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Riptide Indie Film Review


Directed by: Tim Barrow

Written by: Tim Barrow

Starring: Tim Barrow, Elspeth Turner, David Tudor



Schizophrenia is often a subject matter that is seen in a negative light in cinema, being the defining thing that makes villains “off”. Riptide is an independent Scottish film that tries to take a more realistic and empathetic attitude to the disorder, coming from sophomore director Tim Barrow. Despite not having any expectations for this film, I was presently surprised, as Riptide is a decent and engaging movie.

The Schizophrenic Jacob (Tim Barrow) gets released from a mental institution and lives in his flat in Edinburgh, with a job but without any close friends or relatives to keep him occupied. One day whilst driving near a beach in the Highlands in a bid to do something with himself, he sees a woman walking into the ocean. He goes to save this woman, named Eva (Elspeth Turner) and the two start to have a relationship that becomes hard to maintain due to Eva’s absences and strange behaviour.

Riptide’s strongest attribute is its direction, which manages to be atmospheric and weird in a way that draws you in. It simulates the mind of someone with schizophrenia in a manner that may or may not be accurate but is gripping none the less. This style utilises intentionally choppy editing techniques, tight close ups and sound editing that is also choppy yet fits the mood and tone of each scene. Despite the general look being very cheap and unpolished, director Tim Barrow overpowers it and makes you forget about it.

The story also has a decent structure that manages to be varied and unpredictable, so the direction is not making up for an uninteresting script. There is also no copping out regarding the depiction of Schizophrenia, the intention of Jacob being a sympathetic unthreatening character stays the same all throughout and the writing succeeds in making him one.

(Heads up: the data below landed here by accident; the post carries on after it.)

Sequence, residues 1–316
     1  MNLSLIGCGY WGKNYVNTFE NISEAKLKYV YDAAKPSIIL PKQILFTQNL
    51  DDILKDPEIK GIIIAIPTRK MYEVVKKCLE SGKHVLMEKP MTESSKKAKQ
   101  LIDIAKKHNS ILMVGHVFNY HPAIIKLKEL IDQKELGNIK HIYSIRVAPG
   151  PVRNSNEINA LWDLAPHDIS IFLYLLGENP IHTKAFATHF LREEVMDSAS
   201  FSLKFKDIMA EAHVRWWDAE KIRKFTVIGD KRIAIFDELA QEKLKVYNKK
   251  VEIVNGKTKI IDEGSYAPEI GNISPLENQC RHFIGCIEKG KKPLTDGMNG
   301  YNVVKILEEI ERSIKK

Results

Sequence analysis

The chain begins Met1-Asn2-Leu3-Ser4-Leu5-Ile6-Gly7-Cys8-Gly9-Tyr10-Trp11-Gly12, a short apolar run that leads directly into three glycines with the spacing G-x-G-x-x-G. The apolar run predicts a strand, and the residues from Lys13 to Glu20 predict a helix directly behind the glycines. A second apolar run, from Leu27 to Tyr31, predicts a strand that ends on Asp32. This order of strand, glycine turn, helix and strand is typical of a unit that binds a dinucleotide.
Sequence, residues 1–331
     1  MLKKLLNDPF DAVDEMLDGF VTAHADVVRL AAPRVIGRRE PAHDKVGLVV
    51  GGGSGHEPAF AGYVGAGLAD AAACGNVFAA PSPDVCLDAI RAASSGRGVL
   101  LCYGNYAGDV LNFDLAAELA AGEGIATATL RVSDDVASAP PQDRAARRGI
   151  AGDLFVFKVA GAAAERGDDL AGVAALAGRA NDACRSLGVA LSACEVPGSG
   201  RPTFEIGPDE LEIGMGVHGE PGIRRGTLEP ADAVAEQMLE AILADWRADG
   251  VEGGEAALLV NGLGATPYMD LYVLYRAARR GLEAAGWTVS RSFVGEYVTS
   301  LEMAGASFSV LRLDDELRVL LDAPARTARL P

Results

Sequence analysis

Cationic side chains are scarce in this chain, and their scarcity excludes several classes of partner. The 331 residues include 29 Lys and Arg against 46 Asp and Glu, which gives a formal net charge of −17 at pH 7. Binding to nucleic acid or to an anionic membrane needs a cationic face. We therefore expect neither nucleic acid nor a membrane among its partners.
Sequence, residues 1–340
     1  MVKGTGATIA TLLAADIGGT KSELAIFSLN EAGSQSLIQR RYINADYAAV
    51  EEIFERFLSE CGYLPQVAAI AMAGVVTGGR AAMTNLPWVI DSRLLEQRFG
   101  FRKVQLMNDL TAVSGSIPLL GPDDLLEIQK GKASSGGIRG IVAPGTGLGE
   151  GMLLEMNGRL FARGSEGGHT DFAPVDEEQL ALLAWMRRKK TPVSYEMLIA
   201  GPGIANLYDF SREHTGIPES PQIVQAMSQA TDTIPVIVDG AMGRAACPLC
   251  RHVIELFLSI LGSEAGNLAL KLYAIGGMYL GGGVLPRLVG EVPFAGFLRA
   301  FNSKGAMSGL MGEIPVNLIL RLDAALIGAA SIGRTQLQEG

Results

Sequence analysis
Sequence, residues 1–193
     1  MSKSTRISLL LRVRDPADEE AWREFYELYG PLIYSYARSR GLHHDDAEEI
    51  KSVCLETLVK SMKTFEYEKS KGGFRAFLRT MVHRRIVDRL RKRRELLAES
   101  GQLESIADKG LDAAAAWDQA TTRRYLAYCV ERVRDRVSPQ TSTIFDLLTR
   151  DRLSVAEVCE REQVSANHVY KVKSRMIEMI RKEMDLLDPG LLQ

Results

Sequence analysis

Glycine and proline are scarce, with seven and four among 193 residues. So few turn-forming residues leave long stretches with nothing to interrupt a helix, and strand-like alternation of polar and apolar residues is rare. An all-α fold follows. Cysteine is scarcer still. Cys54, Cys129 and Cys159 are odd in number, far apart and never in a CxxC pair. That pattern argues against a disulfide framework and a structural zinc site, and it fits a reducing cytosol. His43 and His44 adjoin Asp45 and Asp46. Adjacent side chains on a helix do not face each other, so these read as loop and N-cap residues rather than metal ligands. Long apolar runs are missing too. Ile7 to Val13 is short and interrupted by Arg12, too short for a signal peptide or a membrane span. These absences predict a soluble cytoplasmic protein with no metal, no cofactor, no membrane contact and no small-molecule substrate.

If there is a problem script-wise, it is that the otherwise heartwarming ending goes on too long. There are about three instances where I thought the film had cut to credits, but it kept going. Also, the narrative tries to raise ambiguity sometimes in regard to whether Jacob is imagining his experiences with Eva, but the payoff is weak enough to make one wonder why this plot element was brought up in the first place.

There is a good amount of heart when it comes to the main relationship and that comes from the chemistry between Turner and Barrow. Both are believable as two lonely individuals who like each other and whilst Barrow’s lead performance does not show a lot of range, he still convinces. The other actors do a good job as well.

Riptide is a surprisingly decent indie film that succeeds in its intentions and has a lot of heart and emotion. It is available on Vimeo for free, so watch it and see if you get something out of it.



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